Anyway, I have picked up all the tone generator boards from a retired 330 plus a few others here and there and will wire most (maybe not all of them) to use with the newly added choir division and a 32' Contre Viola to the pedal division (presently only has 16' flute and reed stops). Might divide up the exisiting divisions a bit more with extra oscillators to get a better ensemble. I have the three wood core manuals from the 330 and extra piston rails and pistons, though I actually favor the feel of the Loduca metal frame keyboards that are on it now.

      This is an ambitious project but most of the parts were inexpensive save for the Peterson combo action and the Syndyne power drawknobs (though I was lucky to get a lot of 36 NOS units from Matt at MCN systems in a surplus lot a while back at much less than normal price).

      As to reliability, this instrument lived a charmed life of infrequent use in a local church and was also fitted with some Walker upgrades as I came to discover later after I acquired it. Have had a handful of dead notes due to breaks in the coil wire where they solder to the oscillators or the diode slides but those are easy enouth to find and repair. Picked up a used Peterson VST to do the tuning.

      Really I just like the challenge of repurposing things others have written off, especially if they are perfectly workable. I thoroughly enjoy older electronics as they are easier to work on and understand. As for the signature Rodgers analog sound, I rather like it. With activity generators, judicious use of chiff and air puff as fitted from the factory and a good modern reverb running to properly placed speakers it sounds great. Won't fool a real pro but is still quite good and for a home practice instrument it will ar exceed the capabilites of most church installed organs I have ever played to date. I chuckle to think about the calibre of insturment I will have when finished. Even now in it's current state it is truly enjoyable to play and listen to.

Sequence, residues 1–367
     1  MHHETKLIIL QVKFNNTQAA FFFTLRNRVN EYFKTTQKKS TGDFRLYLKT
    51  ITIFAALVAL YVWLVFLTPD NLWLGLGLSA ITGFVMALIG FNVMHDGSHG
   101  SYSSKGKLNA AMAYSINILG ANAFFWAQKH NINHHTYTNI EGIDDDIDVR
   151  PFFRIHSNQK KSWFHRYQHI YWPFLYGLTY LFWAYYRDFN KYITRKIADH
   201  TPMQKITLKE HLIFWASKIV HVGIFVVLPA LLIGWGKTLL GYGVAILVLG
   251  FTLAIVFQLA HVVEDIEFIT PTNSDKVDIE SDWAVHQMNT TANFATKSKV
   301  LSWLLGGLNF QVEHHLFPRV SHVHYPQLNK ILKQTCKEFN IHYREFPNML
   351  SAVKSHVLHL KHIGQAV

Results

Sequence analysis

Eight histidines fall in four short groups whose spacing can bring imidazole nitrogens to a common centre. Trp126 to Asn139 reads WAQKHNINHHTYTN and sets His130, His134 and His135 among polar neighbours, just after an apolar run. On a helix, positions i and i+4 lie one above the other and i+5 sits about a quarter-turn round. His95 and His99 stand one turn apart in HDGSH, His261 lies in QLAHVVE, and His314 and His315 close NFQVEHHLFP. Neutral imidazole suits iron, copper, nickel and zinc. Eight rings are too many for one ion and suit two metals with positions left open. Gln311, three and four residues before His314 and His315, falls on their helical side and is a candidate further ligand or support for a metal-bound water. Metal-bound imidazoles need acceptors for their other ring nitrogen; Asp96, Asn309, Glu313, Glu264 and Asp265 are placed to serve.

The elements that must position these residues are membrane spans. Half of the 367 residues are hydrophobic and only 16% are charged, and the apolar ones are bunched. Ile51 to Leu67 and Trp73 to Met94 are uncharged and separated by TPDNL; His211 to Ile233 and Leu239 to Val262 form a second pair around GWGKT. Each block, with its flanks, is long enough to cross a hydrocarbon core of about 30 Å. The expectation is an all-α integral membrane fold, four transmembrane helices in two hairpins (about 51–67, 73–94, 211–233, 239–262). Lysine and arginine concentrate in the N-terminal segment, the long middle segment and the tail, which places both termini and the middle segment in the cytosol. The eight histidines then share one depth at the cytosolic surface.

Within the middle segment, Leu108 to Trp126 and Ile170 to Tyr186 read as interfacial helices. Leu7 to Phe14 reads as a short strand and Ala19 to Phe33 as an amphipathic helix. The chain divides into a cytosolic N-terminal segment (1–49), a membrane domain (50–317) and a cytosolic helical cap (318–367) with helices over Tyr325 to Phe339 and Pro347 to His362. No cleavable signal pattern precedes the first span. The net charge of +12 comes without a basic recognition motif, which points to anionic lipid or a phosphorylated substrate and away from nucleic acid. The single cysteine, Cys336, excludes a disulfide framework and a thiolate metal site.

I recently picked up a 9 bell zimbelstern on ebay as well and have wired it up using a Peterson sforzando II reversible board - also an ebay find - just in time for some Christmas playing. This console was pre-fitted with a thumb piston and two terminal wiring block at the rear for connecting a zimbelstern so it was an easy setup. Now I just need to add a speed control for it on the jamb board as it is a bit aggressive at full speed.

      More to come...

      Comment


      • #4
        What an impressive plan! I sure hope it all works out well for you. As you've discovered, these analogs can be quite fun to work on, and the operation is so straightforward that they are easy to upgrade and expand. Could be as much fun as scrounging up ranks of pipes and building up your own pipe organ!
        John
        ----------
        *** Please post your questions about technical service or repair matters ON THE FORUM. Do not send your questions to me or another member by private message. Information shared is for the benefit of the entire organ community, but other folks will not be helped by information we exchange in private messages!

        https://www.facebook.com/pages/Birds...97551893588434

        Comment